Giddy Up: The History of Rodeos in Kissimmee, Florida

Did you know that Kissimmee is in the heartland of cowboys and cowgirls?


Sorry, Texas, but Florida was first when it comes to cowboys in the United States.

In 1521, Spanish explorer Juan Ponce de León brought horses and seven Andalusian cattle to Florida. The descendants of those animals shaped the Sunshine State's destiny and led to our love affair with rodeos, where cowboys and cowgirls need strength, speed and bravery to compete. Look no further than Kissimmee's Silver Spurs Arena in Osceola Heritage Park, a popular venue for rodeos.

Heritage has a lot to do with rodeos, which have an estimated 30 million fans in the United States and Canada.

"Most riders are second, third, fourth-generation cowboys," says Jim Bainbridge, spokesman for the Professional Rodeo Cowboy Association. "They grew up with it and they love it."

While a child in the suburbs might grow up with a basketball hoop in his yard, farm children grow up with animals in their yards, so rodeos are part of their lives.

There's the competition and challenge, the music and lights, the electricity of the events and the camaraderie of the crowd. The contests-riding bulls, breaking broncs-are rooted in ranching, acts that working cowboys and cowgirls do every day.

It's that blend of community spirit, history and athleticism that you will enjoy at the rodeo as you marvel at the cowgirls and cowboys who risk their bodies against powerful animals.

Early Days

Being a cowboy has never been easy, but it was especially tough in early Florida.

Without fences, cattle wandered into swamps. You shared the land with alligators, bugs, heat, humidity and hurricanes. But the cow hunters were industrious. Venturing into woods and swamps, they rounded up cattle and snapped 12-foot leather whips that made a pistol-like "crack," leading to the nickname "cracker cowboys."

Some owned ranches while others operated from rough-and-tumble "cow camps," like one in Kissimmee Valley. As journalist Terry Tomalin noted, "locals called it 'Cow Town,' which was a good fit since most of its residents had hooves."

Some cowboys became very wealthy. Jacob Summerlin began working with cattle in 1827, when he was only seven years old. He earned his fortune by raising cattle in Kissimmee and elsewhere and was one of Florida's richest men by the time he was 40. But he gave away much of his money and stayed low-key, calling himself just a "sun-baked old Florida cracker."

Rodeo Fun

Summerlin's modesty is carried on by most rodeo performers, who shun the overdone self-celebrations of some athletes. They know it's not just talent or brute strength that wins. In steer wrestling, for example, leverage is needed to stop the steer and tip it over to get all four legs pointing in the same direction.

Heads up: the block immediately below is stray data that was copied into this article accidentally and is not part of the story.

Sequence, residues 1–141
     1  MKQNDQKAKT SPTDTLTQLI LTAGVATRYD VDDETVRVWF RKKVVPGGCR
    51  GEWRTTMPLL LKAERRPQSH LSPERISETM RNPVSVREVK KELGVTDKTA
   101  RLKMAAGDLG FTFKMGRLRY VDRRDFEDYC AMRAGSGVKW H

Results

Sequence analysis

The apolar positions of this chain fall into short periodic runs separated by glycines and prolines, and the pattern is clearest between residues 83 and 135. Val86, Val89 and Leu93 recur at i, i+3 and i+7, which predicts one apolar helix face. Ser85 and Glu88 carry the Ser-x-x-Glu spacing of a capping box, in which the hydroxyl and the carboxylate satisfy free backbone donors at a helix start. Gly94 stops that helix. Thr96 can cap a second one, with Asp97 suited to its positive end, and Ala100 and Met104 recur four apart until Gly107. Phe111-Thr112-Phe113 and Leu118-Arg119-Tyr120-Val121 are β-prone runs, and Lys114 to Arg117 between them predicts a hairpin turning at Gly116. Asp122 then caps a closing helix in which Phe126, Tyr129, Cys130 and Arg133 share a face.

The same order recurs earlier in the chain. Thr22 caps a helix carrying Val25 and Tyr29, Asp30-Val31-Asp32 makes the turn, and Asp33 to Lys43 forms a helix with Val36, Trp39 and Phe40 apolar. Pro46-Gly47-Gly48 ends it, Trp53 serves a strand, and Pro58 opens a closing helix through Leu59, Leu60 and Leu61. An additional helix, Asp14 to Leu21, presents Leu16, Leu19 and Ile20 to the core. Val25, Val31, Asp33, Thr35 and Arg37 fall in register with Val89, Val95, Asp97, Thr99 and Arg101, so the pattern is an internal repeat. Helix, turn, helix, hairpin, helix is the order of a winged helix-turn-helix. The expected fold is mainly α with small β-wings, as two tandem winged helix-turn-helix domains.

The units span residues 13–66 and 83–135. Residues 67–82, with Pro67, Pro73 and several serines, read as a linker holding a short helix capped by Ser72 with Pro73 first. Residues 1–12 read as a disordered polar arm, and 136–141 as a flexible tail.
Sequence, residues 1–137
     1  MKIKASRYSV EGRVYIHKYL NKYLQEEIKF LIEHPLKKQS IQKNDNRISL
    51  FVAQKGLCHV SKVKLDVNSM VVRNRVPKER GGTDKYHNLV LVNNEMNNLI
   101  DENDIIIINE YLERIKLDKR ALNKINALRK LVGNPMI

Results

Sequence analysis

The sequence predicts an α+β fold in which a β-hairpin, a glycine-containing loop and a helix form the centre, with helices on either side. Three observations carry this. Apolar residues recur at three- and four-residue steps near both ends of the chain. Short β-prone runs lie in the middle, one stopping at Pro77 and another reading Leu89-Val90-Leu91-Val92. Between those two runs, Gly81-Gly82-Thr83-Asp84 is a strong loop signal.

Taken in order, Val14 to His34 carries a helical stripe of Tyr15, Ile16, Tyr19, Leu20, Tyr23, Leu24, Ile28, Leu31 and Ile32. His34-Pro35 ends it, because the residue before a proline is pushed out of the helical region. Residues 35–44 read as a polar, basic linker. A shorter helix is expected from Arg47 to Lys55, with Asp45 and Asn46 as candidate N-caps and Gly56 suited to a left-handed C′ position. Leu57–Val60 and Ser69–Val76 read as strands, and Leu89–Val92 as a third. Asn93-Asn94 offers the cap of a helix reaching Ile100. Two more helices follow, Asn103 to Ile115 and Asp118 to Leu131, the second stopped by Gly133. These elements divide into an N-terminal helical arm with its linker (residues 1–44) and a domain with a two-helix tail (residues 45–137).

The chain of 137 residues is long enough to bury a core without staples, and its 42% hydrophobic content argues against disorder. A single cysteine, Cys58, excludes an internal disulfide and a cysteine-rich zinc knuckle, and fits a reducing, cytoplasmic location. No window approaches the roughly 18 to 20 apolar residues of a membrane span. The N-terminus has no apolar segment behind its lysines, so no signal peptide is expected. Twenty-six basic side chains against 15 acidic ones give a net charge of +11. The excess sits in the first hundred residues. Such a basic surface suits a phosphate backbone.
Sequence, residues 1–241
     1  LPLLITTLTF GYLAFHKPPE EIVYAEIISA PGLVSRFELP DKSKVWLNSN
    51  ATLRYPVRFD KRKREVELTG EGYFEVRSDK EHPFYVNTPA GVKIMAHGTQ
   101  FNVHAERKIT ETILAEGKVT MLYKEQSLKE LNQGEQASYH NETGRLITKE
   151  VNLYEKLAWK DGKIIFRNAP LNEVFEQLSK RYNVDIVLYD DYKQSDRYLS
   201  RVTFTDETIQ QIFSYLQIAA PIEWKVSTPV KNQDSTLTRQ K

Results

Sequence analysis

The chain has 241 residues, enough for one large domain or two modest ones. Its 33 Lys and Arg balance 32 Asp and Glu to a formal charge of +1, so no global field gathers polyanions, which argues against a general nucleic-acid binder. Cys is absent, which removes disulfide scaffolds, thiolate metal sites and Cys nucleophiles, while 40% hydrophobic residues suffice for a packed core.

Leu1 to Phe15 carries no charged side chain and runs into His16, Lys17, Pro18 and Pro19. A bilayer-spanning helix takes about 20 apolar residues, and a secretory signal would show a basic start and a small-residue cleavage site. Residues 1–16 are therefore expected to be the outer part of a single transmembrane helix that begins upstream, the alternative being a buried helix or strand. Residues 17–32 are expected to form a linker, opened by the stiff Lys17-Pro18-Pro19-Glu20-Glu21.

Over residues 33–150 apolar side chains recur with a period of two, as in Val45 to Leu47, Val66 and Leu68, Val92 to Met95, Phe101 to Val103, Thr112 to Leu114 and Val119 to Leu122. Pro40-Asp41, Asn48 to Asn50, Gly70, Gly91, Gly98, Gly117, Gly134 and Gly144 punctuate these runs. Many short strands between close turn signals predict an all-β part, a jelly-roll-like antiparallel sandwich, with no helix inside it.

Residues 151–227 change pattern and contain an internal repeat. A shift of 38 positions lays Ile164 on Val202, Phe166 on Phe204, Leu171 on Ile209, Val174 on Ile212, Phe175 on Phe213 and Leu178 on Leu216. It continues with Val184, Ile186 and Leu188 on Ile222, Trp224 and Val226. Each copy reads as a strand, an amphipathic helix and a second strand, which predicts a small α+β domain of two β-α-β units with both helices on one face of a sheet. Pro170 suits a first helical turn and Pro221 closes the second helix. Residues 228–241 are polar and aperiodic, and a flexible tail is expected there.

Bainbridge says bull-riding is the single most popular event because it's exciting and dangerous, but rodeo fans come for "the whole package"-seven events in each show: saddle bronc riding, bareback riding, bull riding, tie-down roping, steer wrestling, team roping and barrel racing. All require skill and strength, whether being flung about by a bucking horse or navigating a trained horse through a barrel course at top speed.

And cowboys and cowgirls aren't the only ones in the arena.

There are specialty acts as well as "barrel men" and risk-taking clowns. Maybe Willie Nelson can do a sequel, "Mamas, Don't Let Your Babies Grow Up to be Rodeo Clowns."

Cracker Horses

Kissimmee's great setting for modern rodeos started in the 1940s, when a group called the Silver Spurs began holding events to honor the ranching way of life.

And when the cracker horse was close to extinction 25 years ago, Florida ranchers embarked on a campaign to save this hardy symbol of yesteryear. In 1989, only 31 cracker horses could be identified; thousands had been lost to cross-breeding and disease.

But the Florida Cracker Horse Association now registers and documents the horses, which tend to be smaller than most horses but able to withstand heat and bugs that fell other animals. They're also inexpensive and easily trained. Today, more than 1,000 cracker horses have been identified and registered, giving people a chance to enjoy the descendants of animals that once carried Spanish missionaries and others around Florida.

A sense of history has much to do with the desire to save the cracker horses.

The group's members recalled their parents and grandparents using cracker horses in their ranches. Cattle has always been a big industry in Florida; even with the influx of development, Florida remains one of the biggest cattle-producing states east of the Mississippi River.

They also appreciate the way many cracker horses walk. Their smooth, shuffling style lets them cover ground seemingly without effort.

"They're real good travelers," said Jim Levy, executive director of the FHCA.

Nearly 500 years after Ponce de León came here, cracker horses are still traveling trails and working Florida ranches.